Playing with icescrum, I realised that I do not understand the difference between user stories and user features.

Can someone explain the difference?


4 Answers 4


A feature is a distinct element of functionality which can provide capabilities to the business.

A story is a small aspect of a feature which you can use to get feedback from your stakeholders and find out if you're doing anything wrong.

For instance, a feature might be "allow users to comment on articles". The stories associated with that feature might then be:

  • save comments
  • filter comments for rude words
  • limit comments to 400 characters and feed back to users
  • add captchas to stop bots spamming the site
  • allow users to log in via Google id


At each stage we can then get feedback as to whether the direction we're taking is useful.

Some teams don't bother splitting features into stories. That's OK.

  • 13
    Aren't those associated stories actually user story tasks? I would say they are. A user story would be: As a user I would like to comment on articles so that we as users can improve article content or express concerns. This user story would be broken down to tasks that you described... Dec 28, 2011 at 11:37
  • 4
    I consider a task to be something that needs to be done in order to get feedback, but on which you can't get feedback alone - for instance, creating a database table. Any of these stories, except for the first, could potentially be removed while still leaving value in shipping. Tasks are usually horizontally sliced in my world. But, if you have different definitions, that's OK. Granularity isn't a completely discrete thing, every goal is a subgoal of another, and I think you should do whatever is pragmatic for you. I find this breakdown useful, as have many of my teams.
    – Lunivore
    Dec 28, 2011 at 13:01

Features == User Stories.

The verbiage is dictated by the given Agile methodology being employed.

The different methodologies use different terminology to refer to features. It is up to the team to decide which methodology or terminology to use. Extreme Programming (XP) uses the terms User Stories or Stories to represent features; Scrum uses Product Backlog to describe a feature list; Feature-Driven Development uses Feature; and DSDM uses Requirement. Similarly, there are various lightweight versions of the Unified Process, or Agile UP, that use Requirement and/or Use Case to define incrementally deliverable functionality. Ultimately, the goal is the same - to deliver business value regularly in small increments, and sooner rather than later.

  • +1, this explains it well. I would not necessarily say feature == user story, except when you talk about business value or client value. In other cases, respective term might not have a meaning.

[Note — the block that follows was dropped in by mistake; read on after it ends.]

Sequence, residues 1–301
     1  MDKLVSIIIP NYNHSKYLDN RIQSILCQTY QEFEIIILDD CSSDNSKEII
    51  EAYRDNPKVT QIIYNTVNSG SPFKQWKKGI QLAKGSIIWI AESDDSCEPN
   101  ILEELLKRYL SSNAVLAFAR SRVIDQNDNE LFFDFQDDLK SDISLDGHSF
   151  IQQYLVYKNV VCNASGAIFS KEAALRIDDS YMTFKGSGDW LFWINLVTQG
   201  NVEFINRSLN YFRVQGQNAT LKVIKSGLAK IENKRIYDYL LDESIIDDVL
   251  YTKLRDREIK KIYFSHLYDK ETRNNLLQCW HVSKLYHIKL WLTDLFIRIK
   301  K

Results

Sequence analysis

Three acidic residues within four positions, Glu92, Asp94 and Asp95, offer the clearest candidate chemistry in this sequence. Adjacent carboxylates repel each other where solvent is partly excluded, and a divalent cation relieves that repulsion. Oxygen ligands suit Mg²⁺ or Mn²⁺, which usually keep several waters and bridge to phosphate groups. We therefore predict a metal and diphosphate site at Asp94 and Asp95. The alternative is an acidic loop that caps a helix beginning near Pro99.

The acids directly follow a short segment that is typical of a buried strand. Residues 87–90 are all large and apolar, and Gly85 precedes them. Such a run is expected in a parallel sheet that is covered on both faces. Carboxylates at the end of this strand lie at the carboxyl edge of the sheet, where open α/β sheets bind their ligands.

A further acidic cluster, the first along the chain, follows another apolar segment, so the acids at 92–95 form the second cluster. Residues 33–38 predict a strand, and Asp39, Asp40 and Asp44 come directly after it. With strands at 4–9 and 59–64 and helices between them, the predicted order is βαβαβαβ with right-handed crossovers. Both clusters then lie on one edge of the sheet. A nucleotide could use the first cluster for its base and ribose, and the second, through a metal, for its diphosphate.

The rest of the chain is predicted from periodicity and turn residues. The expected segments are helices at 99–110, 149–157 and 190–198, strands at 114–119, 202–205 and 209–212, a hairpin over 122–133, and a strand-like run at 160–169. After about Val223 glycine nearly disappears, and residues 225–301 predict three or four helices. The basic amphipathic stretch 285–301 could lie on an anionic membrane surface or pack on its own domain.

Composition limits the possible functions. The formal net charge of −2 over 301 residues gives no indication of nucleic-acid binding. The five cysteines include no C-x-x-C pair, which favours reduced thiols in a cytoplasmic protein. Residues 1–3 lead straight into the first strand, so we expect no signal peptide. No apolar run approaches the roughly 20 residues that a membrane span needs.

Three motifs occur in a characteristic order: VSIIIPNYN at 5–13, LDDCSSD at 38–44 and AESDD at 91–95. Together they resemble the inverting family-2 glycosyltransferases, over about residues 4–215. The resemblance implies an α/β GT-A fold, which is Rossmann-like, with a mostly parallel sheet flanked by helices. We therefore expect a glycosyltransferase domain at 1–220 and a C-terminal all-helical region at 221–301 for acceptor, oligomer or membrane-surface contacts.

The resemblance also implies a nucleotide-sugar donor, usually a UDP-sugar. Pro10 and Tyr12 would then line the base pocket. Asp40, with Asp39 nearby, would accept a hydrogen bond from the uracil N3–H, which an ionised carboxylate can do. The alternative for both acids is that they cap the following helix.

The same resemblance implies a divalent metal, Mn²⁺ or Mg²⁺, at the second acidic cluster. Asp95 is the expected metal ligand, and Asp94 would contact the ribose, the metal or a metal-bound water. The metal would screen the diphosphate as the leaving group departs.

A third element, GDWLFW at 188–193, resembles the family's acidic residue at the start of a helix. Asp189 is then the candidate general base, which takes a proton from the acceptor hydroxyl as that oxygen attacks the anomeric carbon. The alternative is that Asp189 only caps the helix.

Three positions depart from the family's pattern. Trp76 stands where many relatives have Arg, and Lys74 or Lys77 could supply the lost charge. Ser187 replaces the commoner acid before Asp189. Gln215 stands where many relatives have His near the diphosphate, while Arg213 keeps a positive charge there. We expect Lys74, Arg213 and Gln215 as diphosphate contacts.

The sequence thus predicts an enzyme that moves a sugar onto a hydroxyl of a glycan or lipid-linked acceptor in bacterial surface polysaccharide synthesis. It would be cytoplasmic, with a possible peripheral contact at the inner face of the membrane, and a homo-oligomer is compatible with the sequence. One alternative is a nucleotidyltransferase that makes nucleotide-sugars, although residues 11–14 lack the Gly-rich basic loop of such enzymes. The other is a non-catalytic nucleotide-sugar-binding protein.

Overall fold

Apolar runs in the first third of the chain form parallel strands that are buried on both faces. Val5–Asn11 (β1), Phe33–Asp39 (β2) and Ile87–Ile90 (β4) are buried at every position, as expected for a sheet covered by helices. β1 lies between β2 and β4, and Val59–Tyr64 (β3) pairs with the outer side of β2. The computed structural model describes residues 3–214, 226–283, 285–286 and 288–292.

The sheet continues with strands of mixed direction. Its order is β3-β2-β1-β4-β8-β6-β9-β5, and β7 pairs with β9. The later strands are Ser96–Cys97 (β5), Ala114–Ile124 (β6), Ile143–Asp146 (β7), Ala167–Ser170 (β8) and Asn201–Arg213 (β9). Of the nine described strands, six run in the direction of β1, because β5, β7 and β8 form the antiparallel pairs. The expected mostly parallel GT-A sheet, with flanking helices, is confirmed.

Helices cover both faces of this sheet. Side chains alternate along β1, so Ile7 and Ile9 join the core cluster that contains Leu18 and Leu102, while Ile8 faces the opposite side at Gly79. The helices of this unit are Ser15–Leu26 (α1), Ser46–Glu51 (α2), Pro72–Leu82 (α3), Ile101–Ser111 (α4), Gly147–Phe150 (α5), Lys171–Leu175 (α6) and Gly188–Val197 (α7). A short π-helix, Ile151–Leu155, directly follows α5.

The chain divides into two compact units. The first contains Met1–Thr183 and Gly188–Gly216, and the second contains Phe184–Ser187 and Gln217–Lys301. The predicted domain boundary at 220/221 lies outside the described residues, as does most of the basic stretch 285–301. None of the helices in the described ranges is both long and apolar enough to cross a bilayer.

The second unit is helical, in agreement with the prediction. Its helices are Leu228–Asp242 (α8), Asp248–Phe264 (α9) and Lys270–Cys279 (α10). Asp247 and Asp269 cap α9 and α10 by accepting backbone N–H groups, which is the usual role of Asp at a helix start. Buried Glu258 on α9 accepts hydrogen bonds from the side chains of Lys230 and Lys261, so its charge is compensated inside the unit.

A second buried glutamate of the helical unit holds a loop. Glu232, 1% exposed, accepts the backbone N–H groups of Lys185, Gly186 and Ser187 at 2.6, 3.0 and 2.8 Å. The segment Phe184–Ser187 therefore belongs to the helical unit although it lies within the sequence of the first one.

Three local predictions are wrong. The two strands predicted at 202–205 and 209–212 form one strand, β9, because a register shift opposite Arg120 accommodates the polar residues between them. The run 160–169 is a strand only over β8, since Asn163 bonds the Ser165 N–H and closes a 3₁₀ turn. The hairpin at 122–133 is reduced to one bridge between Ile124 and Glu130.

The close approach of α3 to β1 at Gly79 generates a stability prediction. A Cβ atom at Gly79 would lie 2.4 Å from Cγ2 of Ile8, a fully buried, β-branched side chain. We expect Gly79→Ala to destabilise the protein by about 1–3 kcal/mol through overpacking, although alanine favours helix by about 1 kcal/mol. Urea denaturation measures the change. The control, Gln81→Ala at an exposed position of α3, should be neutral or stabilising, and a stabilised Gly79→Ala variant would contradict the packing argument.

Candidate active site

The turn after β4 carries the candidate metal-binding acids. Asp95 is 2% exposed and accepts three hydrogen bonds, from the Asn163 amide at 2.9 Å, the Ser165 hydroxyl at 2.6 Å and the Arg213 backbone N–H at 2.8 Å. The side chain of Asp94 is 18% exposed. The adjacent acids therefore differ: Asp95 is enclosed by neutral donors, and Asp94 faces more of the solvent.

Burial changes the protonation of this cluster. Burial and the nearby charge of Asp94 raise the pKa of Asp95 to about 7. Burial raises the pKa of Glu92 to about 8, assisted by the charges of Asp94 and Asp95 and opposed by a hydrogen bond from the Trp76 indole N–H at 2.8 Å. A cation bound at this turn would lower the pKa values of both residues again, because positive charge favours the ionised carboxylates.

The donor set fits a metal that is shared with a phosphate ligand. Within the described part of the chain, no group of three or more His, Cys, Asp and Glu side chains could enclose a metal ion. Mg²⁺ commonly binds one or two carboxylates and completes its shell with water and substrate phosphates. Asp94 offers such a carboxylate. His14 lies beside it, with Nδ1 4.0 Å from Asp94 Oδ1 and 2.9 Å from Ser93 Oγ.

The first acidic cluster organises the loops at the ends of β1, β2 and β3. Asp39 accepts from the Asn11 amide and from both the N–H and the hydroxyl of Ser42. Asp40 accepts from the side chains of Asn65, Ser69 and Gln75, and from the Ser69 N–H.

– murrekatt
    Mar 15, 2011 at 16:11
  • 2
    I don't think you can say they are the same, even if they are related terms. What about features that span several user stories?
    – sleske
    Jan 3, 2012 at 13:38
  • @sleske A user story in a pure Scrum approach should be value add to the user and thus a feature. If we are going to catalog features as overarching Epics that is fine but the end result is user stories which deliver value. Jan 4, 2012 at 13:56
  • 1
    @AaronMcIver: Yes, that is true. However, sometimes the miminum amount of functionality that is truly useful to the user (=feature) is too much for a user story (or even for an iteration). In that case you must break down the feature into several stories.
    – sleske
    Jan 5, 2012 at 8:19
  • BTW, related question & answer: stackoverflow.com/questions/1714557/…
    – sleske
    Jan 5, 2012 at 8:32

A User Story is an informal statement in the language of the customer which captures the intent of something that the customer wishes to achieve. You can think of a User Story as an Informal Requirement Statement.

A Software Feature is a distinct characteristic of the software that contributes to the overall design and functionality of the software.

A couple of key considerations:

  • A Story may describe a Feature, but a feature never describes a Story.
  • A Story might not directly describe a Feature.
  • A Story may imply the inclusion of a number of Features.
  • A Feature - either singly or as a member of a collection of Features - may capture the intent of a Story.

With all of this in mind, I tend to think of Stories as descriptions. Basically informal requirements which tell me what the customer wants. Features on the other hand I tend to think of more as a specification which tells me how a system should work in order to meet the customers requirements.


The two terms are closely related, but there are some differences.

First, they come from different domains. The term "feature" is a fairly general term for some part of the functionality of a software, whereas "user story" was invented for and is really only used in the context of agile software development.

In practice, they very often coincide, in that one user story consists of implementing a certain feature.

However, in some situations they can be different:

  • Often, a feature is too much work for a single user story. User stories should not be too big (generally not more than a few days, max 1-2 weeks of work). Obviously many features are much larger. In that case a feature will be implemented across many user stories. Some people use "epics" to group user stories together, in that case you could say that the feature is an epic.
  • Non-functional requirements (performance, security, compatibility etc.) can also be handled as user-stories (though this is not universally accepted). In that case the result of the user story would not normally be called a feature (unless you call "our application rarely crashes" a feature).

Not the answer you're looking for? Browse other questions tagged or ask your own question.